Last week I attended my first Ethical Corporation conference -- their first Responsible Business Summit in New York. Since most Ethical Corporation conferences are held in Europe, I welcomed the chance to just hop on a train (and subway) and attend one in my backyard. An impressive line-up of speakers from Microsoft, PepsiCo, GRI, Bank of America, BNY Mellon, P&G, Maersk, BASF and other CSR leaders addressed an equally impressive assembly of environmental and corporate social responsibility (CSR) practitioners, some consultants and a handful of vendors.
All in all, it was an auspicious gathering that promised to – and did – deliver some of the latest thinking on corporate social responsibility, particularly the process of “Embedding Sustainability” which was the conference theme.
As a consultant who helps companies develop their CSR reporting strategy and produce CSR reports, I was particularly interested in those sessions which dealt most directly with trends in non-financial reporting. So, when I saw the session titled “Is one-way corporate responsibility reporting dead?” I made a beeline for that room.
That was a tough choice, because it meant foregoing the concurrent session on stakeholder engagement and performance measurement featuring BT Americas head of corporate social responsibility Kevin Moss (whom I follow on Twitter) and Intel director of CSR Strategy and Communications Suzanne Fallender (who I heard speak at the Economist conference last year). Fortunately, Kevin and I sat together at lunch that day and I managed to convince him to provide a sneak preview of his comments. And, I can access the conference slides online, so I won’t totally miss out on their insights.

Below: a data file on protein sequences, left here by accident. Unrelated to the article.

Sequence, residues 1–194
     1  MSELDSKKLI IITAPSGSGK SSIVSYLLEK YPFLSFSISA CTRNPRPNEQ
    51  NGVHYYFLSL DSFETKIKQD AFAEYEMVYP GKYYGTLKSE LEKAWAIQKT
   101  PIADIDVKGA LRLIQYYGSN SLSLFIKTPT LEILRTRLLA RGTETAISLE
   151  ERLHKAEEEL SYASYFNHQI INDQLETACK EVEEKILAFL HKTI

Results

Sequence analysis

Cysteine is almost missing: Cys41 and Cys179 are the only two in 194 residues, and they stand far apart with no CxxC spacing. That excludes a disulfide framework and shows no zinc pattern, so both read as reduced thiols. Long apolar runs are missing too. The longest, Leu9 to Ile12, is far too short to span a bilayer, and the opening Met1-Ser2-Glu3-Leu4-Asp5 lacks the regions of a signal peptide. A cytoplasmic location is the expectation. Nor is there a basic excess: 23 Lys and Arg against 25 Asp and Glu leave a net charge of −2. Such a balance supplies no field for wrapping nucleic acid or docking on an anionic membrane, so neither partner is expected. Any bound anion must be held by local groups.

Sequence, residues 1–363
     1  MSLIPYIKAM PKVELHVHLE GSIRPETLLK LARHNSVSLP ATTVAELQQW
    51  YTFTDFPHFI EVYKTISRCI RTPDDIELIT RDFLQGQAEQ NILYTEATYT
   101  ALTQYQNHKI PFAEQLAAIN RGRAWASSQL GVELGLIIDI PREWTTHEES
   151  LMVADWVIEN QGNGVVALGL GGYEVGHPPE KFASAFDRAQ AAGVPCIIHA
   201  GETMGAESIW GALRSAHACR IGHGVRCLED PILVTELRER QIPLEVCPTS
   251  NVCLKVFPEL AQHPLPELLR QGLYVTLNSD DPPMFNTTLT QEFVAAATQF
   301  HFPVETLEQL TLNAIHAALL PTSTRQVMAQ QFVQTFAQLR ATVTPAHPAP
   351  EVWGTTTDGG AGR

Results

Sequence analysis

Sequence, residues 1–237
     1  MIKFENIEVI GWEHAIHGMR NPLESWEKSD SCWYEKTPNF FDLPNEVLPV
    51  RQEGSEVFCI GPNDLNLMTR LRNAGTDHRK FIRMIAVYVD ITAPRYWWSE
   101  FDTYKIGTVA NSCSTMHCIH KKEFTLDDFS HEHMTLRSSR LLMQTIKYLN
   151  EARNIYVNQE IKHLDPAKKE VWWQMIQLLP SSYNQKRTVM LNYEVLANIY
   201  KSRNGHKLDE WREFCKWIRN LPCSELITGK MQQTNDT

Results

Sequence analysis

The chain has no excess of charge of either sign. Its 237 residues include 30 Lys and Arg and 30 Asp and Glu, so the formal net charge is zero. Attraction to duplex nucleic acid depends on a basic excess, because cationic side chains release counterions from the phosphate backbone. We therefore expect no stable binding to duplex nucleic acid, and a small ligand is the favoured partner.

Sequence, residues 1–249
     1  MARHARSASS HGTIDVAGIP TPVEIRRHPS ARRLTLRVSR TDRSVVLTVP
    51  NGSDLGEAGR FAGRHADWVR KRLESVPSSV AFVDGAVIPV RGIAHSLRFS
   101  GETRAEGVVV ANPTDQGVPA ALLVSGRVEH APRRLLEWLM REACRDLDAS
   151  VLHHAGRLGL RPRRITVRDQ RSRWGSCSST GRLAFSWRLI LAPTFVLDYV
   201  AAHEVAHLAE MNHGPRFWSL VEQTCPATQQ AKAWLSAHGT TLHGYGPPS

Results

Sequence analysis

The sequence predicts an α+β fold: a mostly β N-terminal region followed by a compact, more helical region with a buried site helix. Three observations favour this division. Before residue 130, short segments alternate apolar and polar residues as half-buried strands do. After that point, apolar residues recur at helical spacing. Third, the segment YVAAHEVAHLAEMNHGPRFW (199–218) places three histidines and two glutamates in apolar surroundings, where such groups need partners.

The session on the demise of one-way CR reporting featured execs from two global pharmaceutical companies – Abbott and Merck – who discussed the evolving model of corporate communications, use of social media, and stakeholder engagement as they contribute to corporate responsibility communications. Not surprisingly, both speakers acknowledged that they are continually rethinking the way they get their CR message out and how they interact with stakeholders. While “one-way” reporting was never really defined, both speakers generally equated it with linear communication and print reports as opposed to non-linear, online reports.
Abbott’s Nonlinear Communication Model Tracey Noe, senior director of global citizenship and policy for Abbott, began by raising some fundamental questions which every organization should ask when formulating its reporting strategy: Who are we trying to reach? What information are these stakeholders looking for?
Noe cited the old, linear model of communications versus the current, nonlinear communication model and shared a spaghetti-like stakeholder communication map provided to Abbott monthly by a social-media monitoring vendor.
Abbott, like other industry-leading CR reporters, has made its reporting more accessible and responsive to stakeholders through:
“Everything was material,” groaned Dziedzic. In subsequent reports, the pendulum shifted and Merck’s understanding of materiality shifted to asking external stakeholders what they thought was important. Then the merger 2009 with Schering-Plough – which reported primarily on its environmental performance – caused Merck to put its full-blown reporting on hold as it consolidated its internal data reporting systems. Instead, for 2009-2010, Merck released an abbreviated bridge report.
“We had to take a step back and really consider what was material. That required asking who was our primarily audience,” recalled Dziedzic. “The answer was socially responsibility investors, for better or for worse.”
Given this reflection, Merck’s post-merger approach to corporate responsibility reporting has four key components.
Cindy Mehallow is principal of CRM Communications, a woman-owned sustainability communications consulting practice specializing in corporate social responsibility reporting and stakeholder communications. GRI-Certified in sustainability reporting, Cindy has produced award-winning sustainability reports for Fortune 500 clients in a variety of industries.